Last year when we posted our Dorflike Round-up, Spacebase DF-9 was still in its infancy, but the game was promising. Fast forward less than a year, and Double Fine is announcing that they’re going to release version 1.0 next month and then abandon ship. Fortunately, they’re planning to release enough source for the modding community to take over from here. Then again, the game seems light years from completion.
I’ve been playing Minecraft since before multi-player existed. I’ve spent thousands of hours hunting for diamonds, building make-shift dirt huts, and shouting expletives at creepers. Some of my best gaming memories happened in Minecraft’s voxelated environments. I appreciate the vital role Notch played in all of that.
That’s why I couldn’t be happier to hear that Notch has sold Mojang.
Minecraft’s success has come (and stayed) in spite of the work Notch and Mojang have done recently, not because of it. Minecraft and its community have been badly mismanaged for years; the sale to Microsoft is an opportunity to change directions and make things better.
Last week, Marc Watson, Mojang’s Customer Support Manager, dropped a bit of a bomb on Twitter:
@CollinPotato I can safely say things like “Selling a diamond sword on a server IS selling part of the game and has always violated the TOS”
— Marc Watson (@Marc_IRL) May 28, 2014
Mojang seems to think that their EULA gives them the authority to regulate anything related to Minecraft. It’s true that a well-worded EULA can confer tremendous power (in the U.S., at least), but that power is not unlimited.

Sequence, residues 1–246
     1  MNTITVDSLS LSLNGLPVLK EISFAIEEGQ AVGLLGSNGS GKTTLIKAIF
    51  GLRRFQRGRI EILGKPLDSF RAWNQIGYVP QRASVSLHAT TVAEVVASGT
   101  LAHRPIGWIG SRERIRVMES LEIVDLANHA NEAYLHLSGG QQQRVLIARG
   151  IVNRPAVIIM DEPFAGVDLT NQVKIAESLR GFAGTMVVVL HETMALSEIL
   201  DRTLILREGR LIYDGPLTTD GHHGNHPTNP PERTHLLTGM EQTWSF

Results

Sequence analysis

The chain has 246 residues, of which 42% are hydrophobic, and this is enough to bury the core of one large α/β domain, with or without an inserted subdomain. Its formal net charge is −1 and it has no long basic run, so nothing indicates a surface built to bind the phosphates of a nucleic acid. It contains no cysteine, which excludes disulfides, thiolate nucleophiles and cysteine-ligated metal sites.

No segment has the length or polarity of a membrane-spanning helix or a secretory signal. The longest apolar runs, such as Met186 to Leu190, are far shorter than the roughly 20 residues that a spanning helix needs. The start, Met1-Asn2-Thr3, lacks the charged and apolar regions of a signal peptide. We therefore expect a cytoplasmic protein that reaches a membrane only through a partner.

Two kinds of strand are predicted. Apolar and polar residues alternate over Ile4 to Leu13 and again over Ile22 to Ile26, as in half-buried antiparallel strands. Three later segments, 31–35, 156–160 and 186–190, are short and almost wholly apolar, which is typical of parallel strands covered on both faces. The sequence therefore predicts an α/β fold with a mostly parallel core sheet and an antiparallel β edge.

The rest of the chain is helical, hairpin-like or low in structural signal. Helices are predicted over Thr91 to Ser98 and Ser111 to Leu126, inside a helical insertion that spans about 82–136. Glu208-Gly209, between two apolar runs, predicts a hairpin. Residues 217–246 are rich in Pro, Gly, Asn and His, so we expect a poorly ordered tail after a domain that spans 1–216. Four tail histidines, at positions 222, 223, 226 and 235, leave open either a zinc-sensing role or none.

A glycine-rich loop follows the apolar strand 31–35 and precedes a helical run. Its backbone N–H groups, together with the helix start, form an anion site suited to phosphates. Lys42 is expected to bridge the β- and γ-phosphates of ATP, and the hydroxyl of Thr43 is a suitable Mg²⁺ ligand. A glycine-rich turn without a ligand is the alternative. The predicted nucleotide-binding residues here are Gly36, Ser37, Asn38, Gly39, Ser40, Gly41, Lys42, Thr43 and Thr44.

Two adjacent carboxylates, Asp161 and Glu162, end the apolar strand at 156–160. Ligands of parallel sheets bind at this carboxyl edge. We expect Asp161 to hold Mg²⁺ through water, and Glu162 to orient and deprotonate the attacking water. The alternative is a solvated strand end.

Regardless of the legality of it, Watson’s interpretation is hostile to Mojang’s customers. It’s time for Mojang to do some soul-searching. What kind of company do they want to be?
Playing Dwarf Fortress is an amazingly deep and interesting experience, but it is not without a learning curve. The pairing of the enchanting, emergent stories the game produces with a nearly impenetrable interface has created a market for games that provide a similar experience with a prettier and more approachable interface.
This is no easy task. Gaming history is littered with barely-started projects that have been abandoned by their creators. Lately, however, it seems that an increasing number of these games are getting to playable states and showing varying degrees of progress and promise. Many of them have playable releases and I’ve tried as many of them that I can get my hands on; this is a report of my findings.
Torchlight is the perfect game for those times when you want some mindless fun or you have a mouse on its last legs and you want to try and kill it once and for all. I’ve started several different Torchlight characters and had abandoned each of them fairly early into the game’s proceedings. There just comes a point where it’s more and more of the same: run through a pretty, atmospheric dungeon, bash the skulls of some monsters in, and then return to town to sell the “goodies” (99% of which are utterly useless, short of their resale value) before repeating that cycle.
Don’t get me wrong, it’s great, mindless fun. It is. It’s definitely worth the price you can get it for now. But I can’t seem to escape the fact that there is a LOT of filler in the game. From items, to monsters, to skill trees — it seems like all of the creative energy for the game went into the art assets.
Maybe I was doing it wrong.
We’re deep in the midst of yet another Steam sale. This time, I thought it a near certainty that Valve would have nothing to offer that I don’t already have. For what must make for a dozen-sale-long streak, I was wrong — so very, very wrong.
During the routine task of checking my email on my phone, I got an email letting me know that a game on my Steam wishlist was on sale. Given the sheer number of games in my Steam library that I’ve never so much as installed, I have no idea why I have a wishlist. Nevertheless, the deal — 75% off of Orcs Must Die 2 — was almost too much to resist.